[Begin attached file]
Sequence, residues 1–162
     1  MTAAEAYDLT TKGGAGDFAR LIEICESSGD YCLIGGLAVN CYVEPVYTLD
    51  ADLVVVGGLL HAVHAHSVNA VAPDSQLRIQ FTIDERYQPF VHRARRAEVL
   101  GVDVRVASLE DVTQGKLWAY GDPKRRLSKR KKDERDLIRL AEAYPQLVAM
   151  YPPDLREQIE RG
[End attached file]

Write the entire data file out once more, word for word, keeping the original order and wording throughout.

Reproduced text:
Sequence, residues 1–162
     1  MTAAEAYDLT TKGGAGDFAR LIEICESSGD YCLIGGLAVN CYVEPVYTLD
    51  ADLVVVGGLL HAVHAHSVNA VAPDSQLRIQ FTIDERYQPF VHRARRAEVL
   101  GVDVRVASLE DVTQGKLWAY GDPKRRLSKR KKDERDLIRL AEAYPQLVAM
   151  YPPDLREQIE RG